10 Mar Minister blocks vets’ advocate on Facebook
Nova Scotia activist and caregiver Kim Davis is miffed over what she says was an unfair ban from Veterans Affairs Minister Kent Hehr’s official Facebook page.
Davis, of Lawrencetown, is the primary caregiver of her husband, a Bosnia veteran, who suffers from PTSD as a result of his service.
After fighting for benefits for her own husband for many years, she is still an outspoken and well-regarded member of the veterans’ community.
Davis has become a grassroots voice for veterans and their families, especially those living on the East Coast, and admits she has no trouble holding the government to account publicly through posts on forums, speaking with the media and, more recently, through commenting on the official Facebook pages of ministers and MPs.
“I’ve always held them accountable for their inaction,” she told the Chronicle Herald.
After reaching out to politicians directly through phone, mail and email over the years and receiving only generic responses, Davis said she has found the most effective way to be heard is by commenting publicly via Facebook.
But Davis said she always follows the rules, is respectful and doesn’t spam them — she estimates she comments about once or twice a month on Hehr’s page.
The rules, which have been posted on Hehr’s page several times, are essentially no insults or trolling, no profane or defamatory language, no spamming and no posting threatening, abusive, hateful or discriminatory comments.
Though she has posted about veterans’ issues on Hehr’s page in the past, it was a comment Sunday night about pipelines that she said caused the ban.
On a post by Hehr touting Trudeau’s pipeline record, which read, “Take note, fellow residents of Alberta. Trudeau 3, Harper 0: Justin is now the Pipeline PM,” Davis said she commented, “Trudeau campaigned for no pipelines. Is this another broken promise?”
Her comment was subsequently removed and Davis was banned.
Davis posted about the ban on Canada’s Banished Veterans, a Facebook group started by another Nova Scotia veteran, Doug Roberts, after facing a similar ban by former Conservative veterans affairs minister Erin O’Toole.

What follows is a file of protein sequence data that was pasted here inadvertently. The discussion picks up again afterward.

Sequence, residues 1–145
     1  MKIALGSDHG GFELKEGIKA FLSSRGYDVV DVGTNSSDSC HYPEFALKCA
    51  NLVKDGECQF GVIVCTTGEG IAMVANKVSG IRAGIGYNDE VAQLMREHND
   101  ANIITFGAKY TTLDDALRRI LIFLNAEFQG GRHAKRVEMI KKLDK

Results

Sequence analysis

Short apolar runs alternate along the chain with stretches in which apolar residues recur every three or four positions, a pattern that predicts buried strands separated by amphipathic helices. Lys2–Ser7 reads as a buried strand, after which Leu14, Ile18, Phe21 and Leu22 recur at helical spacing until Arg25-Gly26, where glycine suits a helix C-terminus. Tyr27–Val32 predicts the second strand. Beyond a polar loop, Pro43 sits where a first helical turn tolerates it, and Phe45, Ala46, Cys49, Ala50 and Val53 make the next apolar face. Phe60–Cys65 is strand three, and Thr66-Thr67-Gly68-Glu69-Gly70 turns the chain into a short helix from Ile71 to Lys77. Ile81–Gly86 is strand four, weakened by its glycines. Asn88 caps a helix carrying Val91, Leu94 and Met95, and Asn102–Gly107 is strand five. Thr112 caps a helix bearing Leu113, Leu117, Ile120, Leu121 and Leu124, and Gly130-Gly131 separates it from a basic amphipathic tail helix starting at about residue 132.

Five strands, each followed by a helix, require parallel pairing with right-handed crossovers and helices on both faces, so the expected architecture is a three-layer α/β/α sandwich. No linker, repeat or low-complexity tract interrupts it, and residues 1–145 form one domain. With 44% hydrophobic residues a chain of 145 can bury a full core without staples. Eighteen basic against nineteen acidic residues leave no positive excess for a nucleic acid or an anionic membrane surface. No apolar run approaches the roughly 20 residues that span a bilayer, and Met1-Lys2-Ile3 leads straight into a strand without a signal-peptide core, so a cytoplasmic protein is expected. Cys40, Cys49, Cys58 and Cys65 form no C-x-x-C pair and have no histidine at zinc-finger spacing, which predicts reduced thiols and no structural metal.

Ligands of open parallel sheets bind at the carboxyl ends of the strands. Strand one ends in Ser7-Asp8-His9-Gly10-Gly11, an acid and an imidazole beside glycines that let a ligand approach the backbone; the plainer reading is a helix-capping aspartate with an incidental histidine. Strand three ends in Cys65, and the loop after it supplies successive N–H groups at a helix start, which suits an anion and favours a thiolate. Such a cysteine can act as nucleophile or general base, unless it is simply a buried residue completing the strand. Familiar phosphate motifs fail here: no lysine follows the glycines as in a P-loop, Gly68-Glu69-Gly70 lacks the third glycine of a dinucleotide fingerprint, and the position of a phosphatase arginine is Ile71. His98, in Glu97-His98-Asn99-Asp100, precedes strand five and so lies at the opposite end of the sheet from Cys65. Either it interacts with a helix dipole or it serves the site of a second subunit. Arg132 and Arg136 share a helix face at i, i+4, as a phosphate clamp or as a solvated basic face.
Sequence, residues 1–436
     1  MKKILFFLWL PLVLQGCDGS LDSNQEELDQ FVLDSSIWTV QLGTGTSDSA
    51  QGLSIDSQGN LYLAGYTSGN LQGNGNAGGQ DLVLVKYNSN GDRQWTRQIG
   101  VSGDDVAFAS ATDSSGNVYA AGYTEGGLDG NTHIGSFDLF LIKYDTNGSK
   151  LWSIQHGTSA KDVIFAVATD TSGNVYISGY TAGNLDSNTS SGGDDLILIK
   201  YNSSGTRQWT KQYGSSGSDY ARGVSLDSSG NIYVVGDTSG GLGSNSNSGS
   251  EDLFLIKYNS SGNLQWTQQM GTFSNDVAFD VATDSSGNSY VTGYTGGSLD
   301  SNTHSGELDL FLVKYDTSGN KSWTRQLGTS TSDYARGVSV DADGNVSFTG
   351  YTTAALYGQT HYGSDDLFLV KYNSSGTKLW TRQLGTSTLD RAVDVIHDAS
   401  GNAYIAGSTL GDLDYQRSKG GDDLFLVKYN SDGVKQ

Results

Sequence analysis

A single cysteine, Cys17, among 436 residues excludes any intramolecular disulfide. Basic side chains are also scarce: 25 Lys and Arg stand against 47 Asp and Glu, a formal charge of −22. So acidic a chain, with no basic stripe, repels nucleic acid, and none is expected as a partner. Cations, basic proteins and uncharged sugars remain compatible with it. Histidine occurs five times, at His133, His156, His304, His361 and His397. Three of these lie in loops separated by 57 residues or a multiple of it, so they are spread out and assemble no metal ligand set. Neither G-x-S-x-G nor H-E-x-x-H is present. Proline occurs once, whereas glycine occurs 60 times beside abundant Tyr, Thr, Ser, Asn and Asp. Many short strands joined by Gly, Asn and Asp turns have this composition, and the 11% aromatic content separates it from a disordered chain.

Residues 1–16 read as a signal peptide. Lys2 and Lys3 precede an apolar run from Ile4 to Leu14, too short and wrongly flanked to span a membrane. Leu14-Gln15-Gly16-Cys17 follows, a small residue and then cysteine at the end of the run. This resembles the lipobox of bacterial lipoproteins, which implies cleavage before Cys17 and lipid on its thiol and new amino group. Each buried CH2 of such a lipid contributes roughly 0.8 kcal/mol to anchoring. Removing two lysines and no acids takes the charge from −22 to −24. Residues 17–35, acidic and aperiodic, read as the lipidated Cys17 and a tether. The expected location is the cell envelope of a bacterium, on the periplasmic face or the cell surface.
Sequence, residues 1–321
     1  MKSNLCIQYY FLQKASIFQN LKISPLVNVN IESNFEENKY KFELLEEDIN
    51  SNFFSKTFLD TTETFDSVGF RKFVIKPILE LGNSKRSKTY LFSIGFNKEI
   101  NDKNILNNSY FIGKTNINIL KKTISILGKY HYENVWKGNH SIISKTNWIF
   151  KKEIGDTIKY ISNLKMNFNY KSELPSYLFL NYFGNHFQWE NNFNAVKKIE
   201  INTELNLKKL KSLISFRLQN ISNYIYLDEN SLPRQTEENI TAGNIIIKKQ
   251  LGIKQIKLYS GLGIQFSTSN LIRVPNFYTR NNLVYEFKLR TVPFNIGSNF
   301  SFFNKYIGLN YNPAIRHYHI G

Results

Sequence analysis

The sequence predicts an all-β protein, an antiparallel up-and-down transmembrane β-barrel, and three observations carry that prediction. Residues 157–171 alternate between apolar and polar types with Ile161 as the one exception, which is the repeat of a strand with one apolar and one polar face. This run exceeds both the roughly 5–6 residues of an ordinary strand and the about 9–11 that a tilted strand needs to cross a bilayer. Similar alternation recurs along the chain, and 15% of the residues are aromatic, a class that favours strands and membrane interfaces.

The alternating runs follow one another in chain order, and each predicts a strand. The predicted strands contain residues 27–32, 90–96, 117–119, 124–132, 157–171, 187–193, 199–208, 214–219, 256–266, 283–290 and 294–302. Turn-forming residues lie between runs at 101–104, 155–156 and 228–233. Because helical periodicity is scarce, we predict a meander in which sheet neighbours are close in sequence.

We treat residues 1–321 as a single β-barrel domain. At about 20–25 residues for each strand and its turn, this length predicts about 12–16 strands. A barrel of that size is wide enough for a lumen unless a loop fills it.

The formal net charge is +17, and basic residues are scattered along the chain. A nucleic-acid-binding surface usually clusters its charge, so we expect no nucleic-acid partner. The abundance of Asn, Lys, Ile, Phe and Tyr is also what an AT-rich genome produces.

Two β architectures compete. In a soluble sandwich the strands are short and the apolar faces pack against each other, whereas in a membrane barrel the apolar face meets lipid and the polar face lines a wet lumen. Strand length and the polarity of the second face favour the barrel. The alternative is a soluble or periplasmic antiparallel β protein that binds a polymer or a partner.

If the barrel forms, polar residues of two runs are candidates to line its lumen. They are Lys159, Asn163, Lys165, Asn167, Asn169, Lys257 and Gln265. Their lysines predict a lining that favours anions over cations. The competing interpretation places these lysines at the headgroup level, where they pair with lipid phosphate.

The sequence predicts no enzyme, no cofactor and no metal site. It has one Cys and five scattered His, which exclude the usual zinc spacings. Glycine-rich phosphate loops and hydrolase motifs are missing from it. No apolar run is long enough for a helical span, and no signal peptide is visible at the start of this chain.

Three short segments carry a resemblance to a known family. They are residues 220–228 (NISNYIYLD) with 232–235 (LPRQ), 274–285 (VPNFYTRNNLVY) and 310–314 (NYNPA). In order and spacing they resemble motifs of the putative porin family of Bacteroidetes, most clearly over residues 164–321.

At least one other member commented that they had also been banned by Hehr, and several members took to Hehr’s page to stand up for Davis and denounce her ban.
“You take someone like Kim who is a caregiver and has been fighting for her husband for years, Kim is a wealth of information. They don’t want to hear from people like her because she knows the gaping craters in the system,” Roberts told the Chronicle Herald.
In an emailed statement, a spokesperson from Hehr’s office said the decision to remove any individual from commenting is based solely on whether that individual violated the terms of reference of both the page and Facebook itself.
“The minister welcomes constructive and respectful debate and conversation in both his capacity as minister and as MP on his social media sites,” the statement went on to say.
Following the Chronicle Herald’s media request, the ban was quickly reversed and Davis received a response from Hehr’s parliamentary assistant apologizing for the ban, saying it was an error.
Davis said she will continue to advocate on behalf of veterans like her husband through whatever avenues are available.
She said a lack of action on campaign commitments, as well as things like cutting the amount of medical marijuana covered for veterans, has continued to grow the rift between veterans, their families and the government.
“The trust between the veterans’ community and this government is already lost for a majority of veterans,” Davis said.
Robert said although many veterans voted for change, not much has improved under the Liberals.
“(Trudeau) is not delivering,” he said. “There was a promise made to veterans for a return to lifelong disability pensions and they’re not delivering. They can blow all the smoke and mirrors out there they want but until they deliver that, veterans are not going to get off their back.”